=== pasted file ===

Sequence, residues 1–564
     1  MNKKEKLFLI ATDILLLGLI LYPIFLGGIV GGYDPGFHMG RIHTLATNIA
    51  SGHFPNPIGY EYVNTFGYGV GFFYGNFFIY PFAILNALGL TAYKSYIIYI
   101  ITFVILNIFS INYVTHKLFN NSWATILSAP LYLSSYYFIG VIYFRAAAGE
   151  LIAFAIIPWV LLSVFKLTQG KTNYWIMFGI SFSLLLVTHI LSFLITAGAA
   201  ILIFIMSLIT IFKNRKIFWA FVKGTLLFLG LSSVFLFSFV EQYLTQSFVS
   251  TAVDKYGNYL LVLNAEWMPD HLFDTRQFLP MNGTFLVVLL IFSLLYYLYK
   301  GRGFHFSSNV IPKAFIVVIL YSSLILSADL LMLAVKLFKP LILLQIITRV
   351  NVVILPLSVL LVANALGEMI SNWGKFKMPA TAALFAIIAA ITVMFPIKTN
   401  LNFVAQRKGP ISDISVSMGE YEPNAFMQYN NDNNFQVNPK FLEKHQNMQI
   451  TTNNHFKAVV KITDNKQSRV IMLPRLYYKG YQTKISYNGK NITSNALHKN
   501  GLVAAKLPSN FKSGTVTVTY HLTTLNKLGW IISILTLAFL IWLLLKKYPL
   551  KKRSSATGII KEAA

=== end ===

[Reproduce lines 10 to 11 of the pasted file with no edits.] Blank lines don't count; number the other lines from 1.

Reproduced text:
   401  LNFVAQRKGP ISDISVSMGE YEPNAFMQYN NDNNFQVNPK FLEKHQNMQI
   451  TTNNHFKAVV KITDNKQSRV IMLPRLYYKG YQTKISYNGK NITSNALHKN